Bhutan is the kingdom in South Asia which is termed as ‘the roof of the world’. Along with Nepal it lies in a place that is above sea level near the world’s tallest mountain peaks. Here are a few facts regarding this landlocked country,
Bhutan is a Buddhist nation
The Bhutanese people are one of the most ardent and traditional Buddhists on the world. They follow Tibetan Buddhism and regard Mt.Meru as a very sacred mountain.
Bhutan is currently one of the world’s fastest growing economies
Starting in 2005, Bhutan’s economy has been growing at a very fast pace -at double digits, actually! This was largely due to investments in the country’s rich hydro-electric power potential and the tourism industry. More and more Bhutanese are also attending Indian universities and go back to Bhutan as professionals and skilled workers.
Bhutan actually has five seasons
Bhutan, being a very small country, actually experiences 5 distinct seasons in one year – spring, summer, autumn, winter, and monsoon. This nation experiences torrential monsoon rains between winter and the onset of spring, with its western portion experiencing more rain that the rest of the country.
Bhutan has one of the smallest standing armed forces in the world
Bhutan’s armed forces amounts to only 16,000 soldiers in total, and all are trained in terrestrial armed conflict only. In addition to this, Bhutan, being a landlocked country, has no standing navy and no standing air force. It heavily relies on India for the protection of its aerospace sovereignty and territory.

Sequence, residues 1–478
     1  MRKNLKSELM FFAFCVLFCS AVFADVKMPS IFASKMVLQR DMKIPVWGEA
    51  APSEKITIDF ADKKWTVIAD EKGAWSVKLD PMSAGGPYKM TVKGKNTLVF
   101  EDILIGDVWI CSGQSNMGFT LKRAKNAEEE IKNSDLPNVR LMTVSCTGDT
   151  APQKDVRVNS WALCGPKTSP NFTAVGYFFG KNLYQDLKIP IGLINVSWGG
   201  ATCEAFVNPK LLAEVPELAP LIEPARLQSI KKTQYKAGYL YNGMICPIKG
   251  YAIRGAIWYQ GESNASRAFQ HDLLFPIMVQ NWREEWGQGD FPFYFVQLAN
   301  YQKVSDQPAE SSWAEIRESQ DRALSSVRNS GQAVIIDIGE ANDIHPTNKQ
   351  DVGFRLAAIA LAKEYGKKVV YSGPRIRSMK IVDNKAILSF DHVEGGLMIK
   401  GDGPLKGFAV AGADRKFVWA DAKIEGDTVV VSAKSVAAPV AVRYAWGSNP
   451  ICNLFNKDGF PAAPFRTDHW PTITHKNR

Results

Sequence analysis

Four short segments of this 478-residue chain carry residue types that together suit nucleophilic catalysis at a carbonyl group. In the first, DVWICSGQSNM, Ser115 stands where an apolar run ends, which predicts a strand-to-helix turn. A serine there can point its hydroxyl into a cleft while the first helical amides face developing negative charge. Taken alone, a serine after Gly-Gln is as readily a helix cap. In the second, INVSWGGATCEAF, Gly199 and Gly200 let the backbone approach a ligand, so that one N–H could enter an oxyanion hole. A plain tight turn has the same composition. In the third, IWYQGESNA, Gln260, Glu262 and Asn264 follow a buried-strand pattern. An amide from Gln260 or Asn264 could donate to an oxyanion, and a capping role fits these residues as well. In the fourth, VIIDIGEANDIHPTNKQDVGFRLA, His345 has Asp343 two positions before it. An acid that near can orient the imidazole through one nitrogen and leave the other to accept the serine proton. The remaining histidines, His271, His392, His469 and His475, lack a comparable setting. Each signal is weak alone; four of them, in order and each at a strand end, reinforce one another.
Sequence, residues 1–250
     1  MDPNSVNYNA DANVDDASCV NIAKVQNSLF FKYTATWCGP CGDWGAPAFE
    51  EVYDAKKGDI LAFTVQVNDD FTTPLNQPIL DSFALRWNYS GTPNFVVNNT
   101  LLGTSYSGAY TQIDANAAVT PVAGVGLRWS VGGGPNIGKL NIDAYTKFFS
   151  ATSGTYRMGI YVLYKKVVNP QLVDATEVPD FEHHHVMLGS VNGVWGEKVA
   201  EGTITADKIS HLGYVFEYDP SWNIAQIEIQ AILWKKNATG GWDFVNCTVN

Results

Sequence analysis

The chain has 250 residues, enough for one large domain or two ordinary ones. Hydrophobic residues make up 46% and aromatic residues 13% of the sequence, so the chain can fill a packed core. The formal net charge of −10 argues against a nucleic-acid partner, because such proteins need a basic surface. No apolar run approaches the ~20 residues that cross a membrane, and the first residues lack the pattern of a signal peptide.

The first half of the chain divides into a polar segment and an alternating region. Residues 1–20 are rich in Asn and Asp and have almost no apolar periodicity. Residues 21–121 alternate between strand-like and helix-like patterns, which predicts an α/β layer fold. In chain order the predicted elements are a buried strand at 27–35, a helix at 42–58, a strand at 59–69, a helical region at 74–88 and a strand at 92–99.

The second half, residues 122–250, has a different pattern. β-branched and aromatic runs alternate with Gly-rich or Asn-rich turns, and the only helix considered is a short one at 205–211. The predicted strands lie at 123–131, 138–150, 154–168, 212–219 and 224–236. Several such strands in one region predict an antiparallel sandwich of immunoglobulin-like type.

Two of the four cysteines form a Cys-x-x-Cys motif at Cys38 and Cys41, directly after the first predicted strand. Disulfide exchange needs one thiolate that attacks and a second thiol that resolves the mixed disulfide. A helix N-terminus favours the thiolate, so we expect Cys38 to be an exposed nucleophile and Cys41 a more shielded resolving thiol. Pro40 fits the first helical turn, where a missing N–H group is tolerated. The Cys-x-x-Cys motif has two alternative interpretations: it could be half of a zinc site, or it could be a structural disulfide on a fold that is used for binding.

Bhutan is one of the countries that still has a high forest cover
Bhutan’s mountain slopes and tiny river valleys are crisscrossed by forest. In fact, Bhutan ranks in the world’s top 10 when it comes to the ratio of a nation’s forest cover and its total land area. As of 2006, 64% of Bhutan’s land area is still covered with forest.
The exact meaning and origin of the country’s name remains unknown
Historians and linguists still cannot agree as to the origin of the country’s name. Some say that the closest translation would be the Sanskrit word Bhota Anta which means end of Tibet. This corresponds rather well to the country’s geographical location – being in the southern slopes of the Tibetan mountains.